Further down the platform the tall Englishman rises from the stone bench, and turning away, heads for the busy refreshment stall. None of his three colleagues follow him. A limping dog runs up the platform and distracts Preejith as it starts to bark at another dog on the tracks. The sound echoes back from the silent coaches in the smoky air, and Preejith is caught off guard. At this very moment the middle aged man drops the small case, and starts to run towards the refreshment kiosk,  he stops as he draws level with the girl with the child and raises a snub nosed pistol. The startled girl turns and screams just as the first shot rings out and the glass screen on the refreshment stall shatters behind the Englishman.

Unsighted, Preejith drops to his knees, firing upwards and underneath the outstretched arms of the man in the striped shirt who stands by his trolley. His first shot catches the middle aged gunman in the right shoulder, and as the man spins, his next shot takes him in the left temple. The girl with the child slowly sinks to the ground, speckled with the blood of the dead man. All around, people have thrown themselves to the floor, and with the sound of the three shots still echoing, the man in the striped shirt lifts a machine pistol from amongst the bottles on his trolley: and turning back towards Preejith, pulls the trigger.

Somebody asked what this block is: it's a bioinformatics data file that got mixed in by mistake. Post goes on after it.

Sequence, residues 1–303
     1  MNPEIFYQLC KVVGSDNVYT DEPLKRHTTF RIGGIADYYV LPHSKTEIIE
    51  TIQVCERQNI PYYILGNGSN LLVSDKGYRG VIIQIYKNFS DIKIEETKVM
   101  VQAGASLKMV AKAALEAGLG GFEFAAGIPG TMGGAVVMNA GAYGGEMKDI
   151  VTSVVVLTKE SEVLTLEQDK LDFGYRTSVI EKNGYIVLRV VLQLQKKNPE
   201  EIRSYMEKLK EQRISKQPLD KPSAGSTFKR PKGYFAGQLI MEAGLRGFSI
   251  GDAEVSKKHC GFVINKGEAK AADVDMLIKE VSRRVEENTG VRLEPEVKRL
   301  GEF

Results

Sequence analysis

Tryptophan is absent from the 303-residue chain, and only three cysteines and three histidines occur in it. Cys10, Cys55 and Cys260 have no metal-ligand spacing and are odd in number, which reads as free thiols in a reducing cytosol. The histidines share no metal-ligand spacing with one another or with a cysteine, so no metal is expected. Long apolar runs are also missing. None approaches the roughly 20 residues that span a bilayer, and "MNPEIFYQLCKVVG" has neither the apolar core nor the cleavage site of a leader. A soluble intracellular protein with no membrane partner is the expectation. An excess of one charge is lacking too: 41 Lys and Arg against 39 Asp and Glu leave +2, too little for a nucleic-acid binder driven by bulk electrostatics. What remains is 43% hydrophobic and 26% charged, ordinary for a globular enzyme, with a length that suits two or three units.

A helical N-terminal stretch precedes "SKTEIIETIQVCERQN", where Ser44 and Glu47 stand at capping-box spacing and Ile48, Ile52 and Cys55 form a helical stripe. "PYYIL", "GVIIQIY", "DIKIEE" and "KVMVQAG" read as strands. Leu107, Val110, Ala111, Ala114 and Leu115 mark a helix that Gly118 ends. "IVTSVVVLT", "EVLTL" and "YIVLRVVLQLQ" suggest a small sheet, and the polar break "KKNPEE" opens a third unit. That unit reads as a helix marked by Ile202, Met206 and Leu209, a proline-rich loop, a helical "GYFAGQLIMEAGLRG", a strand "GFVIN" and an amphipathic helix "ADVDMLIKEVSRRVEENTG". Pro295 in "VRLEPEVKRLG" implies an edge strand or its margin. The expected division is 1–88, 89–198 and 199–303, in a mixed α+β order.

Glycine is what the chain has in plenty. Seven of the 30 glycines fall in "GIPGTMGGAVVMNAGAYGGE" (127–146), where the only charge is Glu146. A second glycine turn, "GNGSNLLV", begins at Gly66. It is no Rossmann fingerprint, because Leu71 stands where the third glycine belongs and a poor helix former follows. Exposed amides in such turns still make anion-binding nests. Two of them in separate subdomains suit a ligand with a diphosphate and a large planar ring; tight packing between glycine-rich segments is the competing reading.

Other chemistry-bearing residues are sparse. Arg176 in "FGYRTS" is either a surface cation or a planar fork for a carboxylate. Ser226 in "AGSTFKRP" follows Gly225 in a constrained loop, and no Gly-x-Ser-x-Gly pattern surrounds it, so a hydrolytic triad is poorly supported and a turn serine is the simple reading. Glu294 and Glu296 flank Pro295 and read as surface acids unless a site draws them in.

Preejith rolls to his right as the sparks fly off the platform towards him. He fires once, and the machine pistol fire rakes upwards, all but destroying the trolley. Then it brings down shards of glass from the platform canopy, that continue to tinkle to the ground as the pistol is suddenly silent. The man in the striped shirt lies on his back in a spreading pool of water from the scattered Bisleri bottles, the pistol still in his right hand; a hand and arm stretched out beyond his bloodied body, by the force of the firing.

No one moves. Everyone, it seems, is holding their breath. All that can be heard is the sobbing of the girl with the child, and the sound of water bottles, emptying their contents onto the platform. Further down near the refreshment kiosk Zai and Jitu leap to their feet and push the Englishman towards the edge of the platform where they drop down into the shadows alongside the rails. This action, though silent, is the signal for everyone to depart the scene, and within a few seconds the platform is deserted except for two dead bodies and an injured Preejith.

Four minutes pass and the late running Myanad express rumbles into the station.

10 thoughts on “Margao Station

  1. What a breathtaking image. I love how you’ve caught the reflection of light off the tracks and the side of the train cars. The framing using the tree on the left really makes your eye move onto the scene. These attributes are rather obvious but what makes the image really special is the mystical feeling created by the foggy distance into which the train will eventually plunge. This deserves winner of the week award in my listing. Sorry, no official award.
    Sorry I’ve not enough time to read your Chapter 2. I’ll try to get back to it.

  2. Great read John – how doubly creative and imaginative you are, the night image is great, oozes with atmosphere. I remember arriving at Ahemdabad station at 3am from Mumbai and feeling the tension of the night, does play on ones imagination.